It all started when Steffi Karp, Founder of Limmud Boston, wanted Rabbi Art Green, Head of the Hebrew College in Boston, to speak at her event.

Rabbi Green was hesitant. He was afraid the willingness to learn would walk out of the door with attendees. Figuring out how to keep your community involved once your event is over is a problem facing all event planners. You have involved, motivated attendees but no clear path for them once the last session ends.

So Steffi called up Rabbi Green with a solution she calls "encores".

The following has been edited for length and clarity. Excerpt begins at 7:17.

Steffi Karp: He said, "I don't do Limmuds because they're one-off." Well, I thought about that, and that's when I created the concept of an encore. And I called him and I said, "I heard what you had to say. I heard that you say it's a one-off but what if we make it not a one-off? What if for every session we ask, 'What can a student in your session do to learn more about your topic?'" And I said, "We can call it 'Encore', we could call it 'Additional Information' --  I'm not sure what we'll call it but what if we do that?" And he said, "In that case, I will present." And he presented for two years.

Taylor McKnight: That's such an interesting concept right? Like a core part of your event is making sure that that next step is clear.

SK: That's right. It's not the only next step, but it means that if you're presenting and you have a blog you can put that blog as your Encore. If you've written a book lately, then put that book down so that we know where [we] can find your book. And if you're talking about climate change. Well, if we're planning a climate festival in a few months then we'll put it in.

TM: How do speakers feel about the Encore concept? Are they surprised?

SK: They really like it. Some people don't know what to do with it and they leave that blank.

But they really like that because they like the idea that they are going to get more out of presenting than just standing up in front of a group.

TM: And is the Encore part always a part of the end of the presentation in real life? Or is this just an online component that [attendees] can find themselves? Like how do you communicate the Encore part?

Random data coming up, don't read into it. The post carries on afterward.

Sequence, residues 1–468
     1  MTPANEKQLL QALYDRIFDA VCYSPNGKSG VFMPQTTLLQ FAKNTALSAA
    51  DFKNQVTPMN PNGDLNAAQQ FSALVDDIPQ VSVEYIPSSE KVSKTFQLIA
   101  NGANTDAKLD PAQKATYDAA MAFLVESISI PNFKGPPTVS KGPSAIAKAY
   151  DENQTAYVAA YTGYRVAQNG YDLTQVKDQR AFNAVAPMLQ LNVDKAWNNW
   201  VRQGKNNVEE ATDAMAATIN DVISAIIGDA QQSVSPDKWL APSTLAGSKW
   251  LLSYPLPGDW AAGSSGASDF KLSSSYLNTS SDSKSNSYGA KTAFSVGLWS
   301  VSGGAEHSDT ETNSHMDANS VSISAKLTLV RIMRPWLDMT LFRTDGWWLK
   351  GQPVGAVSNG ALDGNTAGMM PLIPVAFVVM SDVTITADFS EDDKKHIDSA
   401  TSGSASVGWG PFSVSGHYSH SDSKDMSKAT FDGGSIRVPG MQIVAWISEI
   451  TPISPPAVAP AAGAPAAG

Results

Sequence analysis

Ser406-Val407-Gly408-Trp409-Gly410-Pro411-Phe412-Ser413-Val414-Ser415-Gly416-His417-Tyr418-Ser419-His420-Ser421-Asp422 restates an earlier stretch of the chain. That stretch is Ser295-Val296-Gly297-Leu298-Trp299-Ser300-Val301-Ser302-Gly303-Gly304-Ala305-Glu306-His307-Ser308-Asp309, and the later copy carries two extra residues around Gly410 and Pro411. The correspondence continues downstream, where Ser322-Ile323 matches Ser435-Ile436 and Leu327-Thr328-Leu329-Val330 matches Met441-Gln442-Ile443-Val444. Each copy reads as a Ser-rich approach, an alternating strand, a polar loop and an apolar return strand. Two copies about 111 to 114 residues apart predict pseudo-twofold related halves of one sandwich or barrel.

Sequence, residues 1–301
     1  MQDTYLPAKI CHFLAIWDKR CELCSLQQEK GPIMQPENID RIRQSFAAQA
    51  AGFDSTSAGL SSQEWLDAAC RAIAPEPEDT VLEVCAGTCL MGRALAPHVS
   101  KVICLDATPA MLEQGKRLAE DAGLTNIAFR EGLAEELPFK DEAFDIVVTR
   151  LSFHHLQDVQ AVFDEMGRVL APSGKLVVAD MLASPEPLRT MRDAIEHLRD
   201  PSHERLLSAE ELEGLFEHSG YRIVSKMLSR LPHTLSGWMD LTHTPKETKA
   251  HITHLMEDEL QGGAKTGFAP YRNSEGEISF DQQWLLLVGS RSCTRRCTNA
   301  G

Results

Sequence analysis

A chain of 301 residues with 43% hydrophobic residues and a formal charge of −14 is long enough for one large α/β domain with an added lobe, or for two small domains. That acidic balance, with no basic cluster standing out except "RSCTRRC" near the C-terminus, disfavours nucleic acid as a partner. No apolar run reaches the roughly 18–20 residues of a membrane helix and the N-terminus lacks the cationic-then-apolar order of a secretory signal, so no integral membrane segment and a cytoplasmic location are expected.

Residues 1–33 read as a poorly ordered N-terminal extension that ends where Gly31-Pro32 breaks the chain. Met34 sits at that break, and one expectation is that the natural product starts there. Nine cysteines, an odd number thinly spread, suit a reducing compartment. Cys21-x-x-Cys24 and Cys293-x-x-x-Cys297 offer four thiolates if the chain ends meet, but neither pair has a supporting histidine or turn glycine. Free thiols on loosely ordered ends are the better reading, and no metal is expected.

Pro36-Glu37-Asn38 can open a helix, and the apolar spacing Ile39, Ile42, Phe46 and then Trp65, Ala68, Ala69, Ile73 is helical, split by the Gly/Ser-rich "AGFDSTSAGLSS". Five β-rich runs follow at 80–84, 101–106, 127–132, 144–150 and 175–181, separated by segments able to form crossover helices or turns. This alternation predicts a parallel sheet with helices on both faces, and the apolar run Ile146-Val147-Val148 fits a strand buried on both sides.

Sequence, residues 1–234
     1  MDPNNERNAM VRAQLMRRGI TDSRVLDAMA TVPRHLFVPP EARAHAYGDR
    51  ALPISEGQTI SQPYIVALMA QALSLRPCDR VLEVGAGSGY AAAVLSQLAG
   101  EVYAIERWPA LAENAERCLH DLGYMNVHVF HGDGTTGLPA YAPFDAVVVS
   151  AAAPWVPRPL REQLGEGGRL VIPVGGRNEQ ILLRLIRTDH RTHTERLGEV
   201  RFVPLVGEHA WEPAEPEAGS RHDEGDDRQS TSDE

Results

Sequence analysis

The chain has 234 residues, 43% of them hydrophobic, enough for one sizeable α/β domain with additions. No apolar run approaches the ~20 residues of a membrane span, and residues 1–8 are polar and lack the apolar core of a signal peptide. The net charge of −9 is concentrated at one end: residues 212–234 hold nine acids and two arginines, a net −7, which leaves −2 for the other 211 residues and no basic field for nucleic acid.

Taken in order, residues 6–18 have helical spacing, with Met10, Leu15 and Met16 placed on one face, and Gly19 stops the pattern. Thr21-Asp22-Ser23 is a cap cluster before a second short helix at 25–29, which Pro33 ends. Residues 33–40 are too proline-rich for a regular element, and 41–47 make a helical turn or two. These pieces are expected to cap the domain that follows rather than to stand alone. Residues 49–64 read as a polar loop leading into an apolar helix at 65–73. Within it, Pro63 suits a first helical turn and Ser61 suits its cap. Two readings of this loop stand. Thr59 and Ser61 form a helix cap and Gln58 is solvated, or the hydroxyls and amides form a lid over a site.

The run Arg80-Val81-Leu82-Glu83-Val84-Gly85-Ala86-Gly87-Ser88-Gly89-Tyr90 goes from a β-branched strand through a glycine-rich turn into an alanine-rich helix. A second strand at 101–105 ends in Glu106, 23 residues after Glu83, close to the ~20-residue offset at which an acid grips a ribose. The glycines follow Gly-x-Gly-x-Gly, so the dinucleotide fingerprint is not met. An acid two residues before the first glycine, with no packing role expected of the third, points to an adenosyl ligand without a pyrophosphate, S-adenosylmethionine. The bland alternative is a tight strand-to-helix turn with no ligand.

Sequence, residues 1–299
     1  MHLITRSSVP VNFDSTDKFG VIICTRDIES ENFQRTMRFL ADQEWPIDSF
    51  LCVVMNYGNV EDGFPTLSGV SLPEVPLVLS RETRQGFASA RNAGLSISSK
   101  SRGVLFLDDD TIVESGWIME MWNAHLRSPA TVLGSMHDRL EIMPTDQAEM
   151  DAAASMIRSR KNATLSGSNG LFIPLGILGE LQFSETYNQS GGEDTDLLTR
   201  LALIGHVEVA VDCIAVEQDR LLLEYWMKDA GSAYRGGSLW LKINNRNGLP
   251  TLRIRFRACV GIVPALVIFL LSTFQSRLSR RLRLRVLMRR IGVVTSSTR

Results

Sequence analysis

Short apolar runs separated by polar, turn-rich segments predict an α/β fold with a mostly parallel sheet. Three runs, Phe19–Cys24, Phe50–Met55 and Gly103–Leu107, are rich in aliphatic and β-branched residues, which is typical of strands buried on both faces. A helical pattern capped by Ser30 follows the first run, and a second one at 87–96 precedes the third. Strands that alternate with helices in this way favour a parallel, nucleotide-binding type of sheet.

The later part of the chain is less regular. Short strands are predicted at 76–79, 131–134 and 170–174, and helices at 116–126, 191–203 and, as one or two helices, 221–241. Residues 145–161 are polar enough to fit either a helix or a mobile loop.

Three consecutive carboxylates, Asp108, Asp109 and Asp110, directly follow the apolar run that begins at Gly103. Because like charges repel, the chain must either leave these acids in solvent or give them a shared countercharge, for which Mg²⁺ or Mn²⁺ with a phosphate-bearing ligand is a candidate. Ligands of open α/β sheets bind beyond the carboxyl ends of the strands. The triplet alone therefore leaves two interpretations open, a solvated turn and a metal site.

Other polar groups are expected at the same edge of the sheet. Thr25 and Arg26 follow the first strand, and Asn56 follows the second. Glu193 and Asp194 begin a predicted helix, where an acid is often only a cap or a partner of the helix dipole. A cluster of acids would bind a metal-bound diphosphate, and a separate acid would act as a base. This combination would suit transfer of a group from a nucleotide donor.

SK: It's in our program book. And we do have a paper printed program book which a lot of people keep for reference because we get we get a lot of educators and when they're looking for speakers for their congregations or for their classrooms or for their universities, it's nice to be able to look back and say, "Who did I learn that thing from?" And I've heard that a lot of people who are looking for volunteer opportunities have gone back into the Limmud Boston program book in order to find out like, "What was that organization again? Oh good, I want to volunteer there." It sort of comes around full circle.

The presenters really like that encore concept once they realize what it's for.

TM: Right that's really, really creative and just so smart. I love that idea and any event should be applying [that idea], I think both for the speaker's benefit and the attendee's benefit.

SK: I absolutely agree. I mean here I am at my husband's legal conference. And I know that they want people to follow up on what they're learning.

TM: Right, the professional development conference. But again, they don't always make that clear how to continue that.

SK: And because we're not from one organization or another, we've become a showcase of the entire community. There will be over 80 sessions at this year's Limmud Boston. So we're in favor of all the encores. And if something that somebody says interests you, go in that direction. Something else? Go in that direction. Just next year on November 15, I hope you'll come back to Limmud Boston. I also call it "Recharge your Jewish batteries".

TM: I love that you come out of the festival just feeling like just filled up with – inspiration.

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